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Is a Time Off to Volunteer Policy in Your Business's Future?

Author

Tess C. Taylor, PHR, SHRM-CP, CPC

More by Tess
Author

Tess C. Taylor, PHR, SHRM-CP, CPC

More by Tess

All over the United States, companies are looking to create a culture of giving back as part of their corporate identity. One way they're doing it is by offering paid time off to volunteer. Is your company considering a policy to allow time off to volunteer this year? Here are some reasons why that might be a good business move and how you can do just that.

Volunteering is as American as apple pie. According to the Corporation for National and Community Service, 62.8 million U.S. adults volunteered 7.9 billion hours of their time in 2014. A company that supports civic responsibility often looks great to employees, especially millennials. The company also gains a good reputation within its community: a reputation that can have a favorable impact on your business.

A Growing Trend

The Committee Encouraging Corporate Philanthropy (CECP), a nonprofit coalition of CEOs committed to community engagement, recently published Giving in Numbers: 2015 Edition. The coalition surveyed 271 large companies:

  • 59 percent provided paid-release time volunteer programs in 2014, up from 54 percent in 2012.
  • Giving grew for 56 percent of them between 2012 and 2014.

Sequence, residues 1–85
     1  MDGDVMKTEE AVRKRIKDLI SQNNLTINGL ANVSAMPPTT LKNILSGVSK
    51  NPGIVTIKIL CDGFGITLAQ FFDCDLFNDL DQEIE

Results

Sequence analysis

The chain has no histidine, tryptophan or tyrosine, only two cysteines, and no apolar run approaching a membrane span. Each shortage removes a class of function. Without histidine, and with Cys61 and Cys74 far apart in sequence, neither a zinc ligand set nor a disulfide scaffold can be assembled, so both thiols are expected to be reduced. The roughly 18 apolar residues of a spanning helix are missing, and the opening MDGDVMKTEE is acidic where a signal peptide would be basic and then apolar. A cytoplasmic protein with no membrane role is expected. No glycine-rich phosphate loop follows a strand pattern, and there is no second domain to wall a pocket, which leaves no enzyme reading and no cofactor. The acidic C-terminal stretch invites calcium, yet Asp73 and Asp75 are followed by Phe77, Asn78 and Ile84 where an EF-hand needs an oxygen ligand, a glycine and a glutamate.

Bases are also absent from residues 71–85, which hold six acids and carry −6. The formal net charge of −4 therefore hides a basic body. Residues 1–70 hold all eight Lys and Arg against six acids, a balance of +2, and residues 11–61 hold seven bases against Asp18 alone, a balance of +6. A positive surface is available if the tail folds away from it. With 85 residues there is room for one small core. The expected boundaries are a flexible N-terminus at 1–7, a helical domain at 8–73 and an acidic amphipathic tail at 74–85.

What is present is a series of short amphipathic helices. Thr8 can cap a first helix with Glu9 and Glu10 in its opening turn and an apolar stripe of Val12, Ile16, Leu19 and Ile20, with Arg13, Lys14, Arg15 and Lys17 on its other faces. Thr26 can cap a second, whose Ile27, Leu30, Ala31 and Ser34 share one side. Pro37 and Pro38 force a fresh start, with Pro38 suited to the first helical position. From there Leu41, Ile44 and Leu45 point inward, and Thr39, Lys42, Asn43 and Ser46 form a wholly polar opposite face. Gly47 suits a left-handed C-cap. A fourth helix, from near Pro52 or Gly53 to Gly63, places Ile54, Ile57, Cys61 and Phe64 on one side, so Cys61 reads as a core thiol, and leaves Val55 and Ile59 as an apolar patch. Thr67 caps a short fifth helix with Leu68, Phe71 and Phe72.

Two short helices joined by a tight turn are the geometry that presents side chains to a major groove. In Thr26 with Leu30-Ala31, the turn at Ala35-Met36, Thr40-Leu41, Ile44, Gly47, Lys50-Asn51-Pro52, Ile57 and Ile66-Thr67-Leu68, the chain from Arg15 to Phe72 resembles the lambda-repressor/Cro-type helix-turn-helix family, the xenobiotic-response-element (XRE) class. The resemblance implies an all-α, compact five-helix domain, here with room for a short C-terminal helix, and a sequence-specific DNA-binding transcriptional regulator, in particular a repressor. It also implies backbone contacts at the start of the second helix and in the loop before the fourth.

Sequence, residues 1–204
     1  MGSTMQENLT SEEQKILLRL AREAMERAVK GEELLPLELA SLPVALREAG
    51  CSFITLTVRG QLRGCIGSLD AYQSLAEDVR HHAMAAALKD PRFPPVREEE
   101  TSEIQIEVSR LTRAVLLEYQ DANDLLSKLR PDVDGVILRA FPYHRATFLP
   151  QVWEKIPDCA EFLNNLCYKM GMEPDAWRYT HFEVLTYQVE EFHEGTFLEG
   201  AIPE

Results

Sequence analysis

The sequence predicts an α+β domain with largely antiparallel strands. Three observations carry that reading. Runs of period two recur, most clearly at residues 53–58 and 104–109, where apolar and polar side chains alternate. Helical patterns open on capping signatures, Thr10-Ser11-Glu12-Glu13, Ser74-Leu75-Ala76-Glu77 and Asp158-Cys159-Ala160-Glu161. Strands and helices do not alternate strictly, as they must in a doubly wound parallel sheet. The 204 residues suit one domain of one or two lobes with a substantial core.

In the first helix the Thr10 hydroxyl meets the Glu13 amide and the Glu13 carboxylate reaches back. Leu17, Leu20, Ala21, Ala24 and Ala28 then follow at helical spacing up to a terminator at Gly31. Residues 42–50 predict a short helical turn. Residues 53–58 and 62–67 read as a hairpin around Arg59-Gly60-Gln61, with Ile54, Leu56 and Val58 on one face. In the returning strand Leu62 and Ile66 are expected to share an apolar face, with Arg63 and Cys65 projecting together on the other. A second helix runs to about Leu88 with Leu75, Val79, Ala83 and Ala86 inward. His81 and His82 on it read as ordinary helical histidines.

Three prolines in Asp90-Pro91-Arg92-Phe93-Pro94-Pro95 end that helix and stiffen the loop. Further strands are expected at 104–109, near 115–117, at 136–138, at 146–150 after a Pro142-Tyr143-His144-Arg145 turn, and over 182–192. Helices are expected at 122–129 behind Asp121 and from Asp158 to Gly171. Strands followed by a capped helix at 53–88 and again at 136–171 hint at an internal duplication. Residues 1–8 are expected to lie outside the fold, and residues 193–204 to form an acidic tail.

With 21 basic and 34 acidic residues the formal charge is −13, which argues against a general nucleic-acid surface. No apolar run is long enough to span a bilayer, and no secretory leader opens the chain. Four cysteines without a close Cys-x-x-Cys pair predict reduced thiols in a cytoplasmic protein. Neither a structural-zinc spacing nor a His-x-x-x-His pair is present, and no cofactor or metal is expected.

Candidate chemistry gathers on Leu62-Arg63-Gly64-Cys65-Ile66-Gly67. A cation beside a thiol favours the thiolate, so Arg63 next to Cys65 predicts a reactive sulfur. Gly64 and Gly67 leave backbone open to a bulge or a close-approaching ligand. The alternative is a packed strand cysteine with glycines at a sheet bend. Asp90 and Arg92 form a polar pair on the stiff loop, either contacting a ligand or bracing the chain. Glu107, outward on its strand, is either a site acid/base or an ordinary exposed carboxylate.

• Giving increased by more than 10 percent for 42 percent of companies.

Is Time Off to Volunteer Within Your Business Means?

A business of any size or industry can implement a program that allows time off to volunteer and still respects the company budget. There are, however, certain things to consider.

First, each organization must decide how much time will be allotted for volunteer hours. Will the program offer paid or unpaid time off for volunteering hours? Be sure to think about potential wage and hour implications, for example, deducting exempt employees' pay for company-sanctioned volunteer efforts would likely be considered unlawful. You may also wish to consider capping the paid time off to a certain amount of hours per year, so that it remains affordable.

Second, consider how volunteer time will be validated and tracked, particularly for paid time off. An online payroll system that includes a category for volunteer hours can be a good way to handle this.

Finally, the company should carefully track how volunteering impacts internal performance. According to Doing Good Is Good for You: 2013 Health and Volunteering Study, conducted by UnitedHealth Group and the Optum Institute, when adults volunteer, employers benefit from better employee health and professional skills development.

Create a written policy for your workforce that addresses all of the above factors, educates employees about the new benefit and encourages them to start thinking about the causes they believe in. Over time, volunteer policies can help improve morale, enhance employees' views of company leadership and encourage a positive view of your organization within the community.